Can a landlord keep part of a security deposit for carpets to be replaced if they can not provide before you moved in photos of the carpet? I feel if that cant provide those then they cant prove that I damaged the carpets in our civil case that I filed against them for my deposit back because when I moved in the carpets were matted and had blood on them I have photos of that and it had spots in it. They are now saying they need to replace the carpet I lived there for 3 years. But I was told to ask them in court in the beginning if I can look at their before photos and if they can not proved them then they don't have a claim is that true?
It would depend on many different factors. The most important of which would be the Statement of Condition you most likely signed when first renting the apartment. If you did not sign a Statement of Condition and you have dated pictures of the stains your landlord most likely does not have a case to keep your security deposit.
What you are referring to when mentioning the showing of all of the landlord’s evidence is called “discovery,” this is one of the first steps of a lawsuit. After discovery you can ask the court for a directed verdict due to a lack of evidence.
The information provided in this answer is offered for informational purposes only. It is not offered as legal advice and does not create an attorney-client relationship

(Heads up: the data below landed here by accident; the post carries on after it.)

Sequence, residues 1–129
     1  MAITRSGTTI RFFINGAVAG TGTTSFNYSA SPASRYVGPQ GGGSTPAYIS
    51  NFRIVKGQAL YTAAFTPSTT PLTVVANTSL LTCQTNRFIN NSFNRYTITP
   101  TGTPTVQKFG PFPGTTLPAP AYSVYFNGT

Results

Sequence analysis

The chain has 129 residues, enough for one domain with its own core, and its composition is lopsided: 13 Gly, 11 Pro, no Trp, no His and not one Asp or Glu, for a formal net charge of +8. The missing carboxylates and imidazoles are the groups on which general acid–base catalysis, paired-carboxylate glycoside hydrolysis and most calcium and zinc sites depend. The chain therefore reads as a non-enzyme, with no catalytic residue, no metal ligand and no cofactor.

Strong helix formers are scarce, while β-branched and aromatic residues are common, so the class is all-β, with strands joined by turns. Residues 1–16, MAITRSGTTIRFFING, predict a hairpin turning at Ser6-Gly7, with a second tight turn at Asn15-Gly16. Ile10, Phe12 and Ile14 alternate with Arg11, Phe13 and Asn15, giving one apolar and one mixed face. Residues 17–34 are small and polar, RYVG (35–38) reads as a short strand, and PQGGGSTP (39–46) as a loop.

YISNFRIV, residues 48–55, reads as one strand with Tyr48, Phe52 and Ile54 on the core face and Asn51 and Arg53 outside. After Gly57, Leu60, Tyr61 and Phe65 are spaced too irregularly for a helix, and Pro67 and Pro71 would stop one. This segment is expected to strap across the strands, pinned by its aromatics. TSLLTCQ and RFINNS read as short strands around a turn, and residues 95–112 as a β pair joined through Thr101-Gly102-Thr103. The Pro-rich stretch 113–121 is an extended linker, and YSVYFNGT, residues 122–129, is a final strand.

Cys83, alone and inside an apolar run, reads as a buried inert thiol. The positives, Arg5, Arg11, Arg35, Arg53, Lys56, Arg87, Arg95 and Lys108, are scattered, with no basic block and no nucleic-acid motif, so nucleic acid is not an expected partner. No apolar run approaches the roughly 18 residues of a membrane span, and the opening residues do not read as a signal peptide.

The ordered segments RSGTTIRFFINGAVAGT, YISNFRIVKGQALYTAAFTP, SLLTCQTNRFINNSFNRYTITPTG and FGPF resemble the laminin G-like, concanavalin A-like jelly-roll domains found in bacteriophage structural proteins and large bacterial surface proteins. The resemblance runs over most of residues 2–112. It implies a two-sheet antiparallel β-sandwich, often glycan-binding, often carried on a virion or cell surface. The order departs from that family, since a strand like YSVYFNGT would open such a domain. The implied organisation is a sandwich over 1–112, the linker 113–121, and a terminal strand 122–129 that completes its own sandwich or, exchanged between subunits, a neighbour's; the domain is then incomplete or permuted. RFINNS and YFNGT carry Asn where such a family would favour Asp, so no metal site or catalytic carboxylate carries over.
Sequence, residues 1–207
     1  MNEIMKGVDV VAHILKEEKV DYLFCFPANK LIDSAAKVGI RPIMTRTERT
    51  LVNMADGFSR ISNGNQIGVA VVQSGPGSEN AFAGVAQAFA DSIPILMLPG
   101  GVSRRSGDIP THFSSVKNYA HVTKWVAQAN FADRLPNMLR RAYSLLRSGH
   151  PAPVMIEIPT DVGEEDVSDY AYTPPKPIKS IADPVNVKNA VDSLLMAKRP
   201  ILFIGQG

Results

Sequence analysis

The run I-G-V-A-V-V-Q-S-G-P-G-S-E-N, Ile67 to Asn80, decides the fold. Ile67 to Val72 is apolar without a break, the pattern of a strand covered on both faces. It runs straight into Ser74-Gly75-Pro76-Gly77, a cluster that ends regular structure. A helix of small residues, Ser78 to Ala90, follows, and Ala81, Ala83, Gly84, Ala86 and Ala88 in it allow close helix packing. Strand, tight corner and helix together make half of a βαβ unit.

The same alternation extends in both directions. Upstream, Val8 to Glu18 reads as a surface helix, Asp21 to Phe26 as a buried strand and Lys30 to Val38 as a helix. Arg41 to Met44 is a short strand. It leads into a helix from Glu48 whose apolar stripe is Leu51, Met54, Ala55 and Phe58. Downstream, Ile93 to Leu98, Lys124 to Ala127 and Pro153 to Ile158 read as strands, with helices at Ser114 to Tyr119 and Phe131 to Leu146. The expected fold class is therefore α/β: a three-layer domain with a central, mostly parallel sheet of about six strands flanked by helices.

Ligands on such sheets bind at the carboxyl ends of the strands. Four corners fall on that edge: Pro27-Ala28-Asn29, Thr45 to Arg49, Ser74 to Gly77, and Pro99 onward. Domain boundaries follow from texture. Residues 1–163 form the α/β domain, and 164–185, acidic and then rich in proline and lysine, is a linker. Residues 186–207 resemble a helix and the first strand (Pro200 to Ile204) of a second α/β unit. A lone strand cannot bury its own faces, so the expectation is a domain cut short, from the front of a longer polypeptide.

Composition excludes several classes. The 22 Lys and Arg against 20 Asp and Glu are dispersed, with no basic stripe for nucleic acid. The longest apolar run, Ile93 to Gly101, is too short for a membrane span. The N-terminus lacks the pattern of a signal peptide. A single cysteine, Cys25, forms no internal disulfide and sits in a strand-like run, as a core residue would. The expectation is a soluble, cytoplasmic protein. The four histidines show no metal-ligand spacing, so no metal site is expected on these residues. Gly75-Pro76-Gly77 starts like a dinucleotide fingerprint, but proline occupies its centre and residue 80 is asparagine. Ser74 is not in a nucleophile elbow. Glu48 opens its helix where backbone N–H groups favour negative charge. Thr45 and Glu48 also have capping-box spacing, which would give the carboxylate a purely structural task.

Residential Real Estate Lawyer
Photos are not required, but are a good piece of evidence. for landlord or tenants. Most landlords will not have photos of a home that does not have condition issues, but rely on the Tenant to complete a checklist upon move-in noting the condition. Please see the items you noted on the Inventory Checklist that you are required to complete and return to the Landlord within 7 days of move in. The landlord should have provided two copies, or carbon/NCR forms to complete and have you return. The idea being you keep one, and turn one in. See from their files what the inventory checklist states you found correct, or incorrect with the apartment upon move in.
Please mark this answer as "Best" or "Helpful" if it is to you. This answer does not create an attorney/client relationship and you cannot presume that I am your lawyer or that my advice can be relied upon in any way other than for information only. You will not become my client unless and until you sign and return a retainer agreement and it is signed by me as accepted.